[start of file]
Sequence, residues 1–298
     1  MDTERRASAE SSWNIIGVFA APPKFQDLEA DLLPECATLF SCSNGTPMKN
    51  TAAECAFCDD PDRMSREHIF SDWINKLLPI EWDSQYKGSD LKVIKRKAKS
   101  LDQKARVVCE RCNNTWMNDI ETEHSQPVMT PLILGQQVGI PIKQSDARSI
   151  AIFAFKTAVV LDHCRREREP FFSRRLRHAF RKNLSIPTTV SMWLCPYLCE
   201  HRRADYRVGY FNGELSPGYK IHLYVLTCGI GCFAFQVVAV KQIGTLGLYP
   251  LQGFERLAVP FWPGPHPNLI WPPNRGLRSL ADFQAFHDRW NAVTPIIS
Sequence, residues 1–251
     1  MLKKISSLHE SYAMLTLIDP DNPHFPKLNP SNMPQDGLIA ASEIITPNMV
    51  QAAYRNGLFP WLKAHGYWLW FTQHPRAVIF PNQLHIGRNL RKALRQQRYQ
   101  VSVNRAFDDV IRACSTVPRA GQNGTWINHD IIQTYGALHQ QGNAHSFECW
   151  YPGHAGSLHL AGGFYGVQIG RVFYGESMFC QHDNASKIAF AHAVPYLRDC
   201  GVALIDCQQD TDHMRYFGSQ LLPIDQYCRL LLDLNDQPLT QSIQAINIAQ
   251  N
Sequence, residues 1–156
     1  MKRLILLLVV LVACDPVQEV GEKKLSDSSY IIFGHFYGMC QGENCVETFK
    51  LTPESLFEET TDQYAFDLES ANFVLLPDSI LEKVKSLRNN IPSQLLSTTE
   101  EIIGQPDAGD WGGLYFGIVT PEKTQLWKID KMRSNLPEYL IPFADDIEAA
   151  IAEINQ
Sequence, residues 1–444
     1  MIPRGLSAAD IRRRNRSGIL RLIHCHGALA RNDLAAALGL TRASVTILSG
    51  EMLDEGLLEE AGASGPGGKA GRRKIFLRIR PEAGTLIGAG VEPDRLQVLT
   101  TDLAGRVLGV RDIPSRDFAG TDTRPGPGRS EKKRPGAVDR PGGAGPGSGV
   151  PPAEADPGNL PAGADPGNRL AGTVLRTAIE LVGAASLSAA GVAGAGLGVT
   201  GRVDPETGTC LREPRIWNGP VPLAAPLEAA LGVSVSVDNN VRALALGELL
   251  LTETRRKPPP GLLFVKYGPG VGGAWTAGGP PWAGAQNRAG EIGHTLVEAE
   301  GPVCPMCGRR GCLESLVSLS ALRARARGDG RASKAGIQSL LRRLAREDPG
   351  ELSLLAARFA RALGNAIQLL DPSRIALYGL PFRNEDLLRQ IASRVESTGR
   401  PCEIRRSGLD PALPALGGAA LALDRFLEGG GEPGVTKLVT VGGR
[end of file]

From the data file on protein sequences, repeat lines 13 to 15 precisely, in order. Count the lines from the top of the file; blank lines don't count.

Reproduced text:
   201  GVALIDCQQD TDHMRYFGSQ LLPIDQYCRL LLDLNDQPLT QSIQAINIAQ
   251  N
Sequence, residues 1–156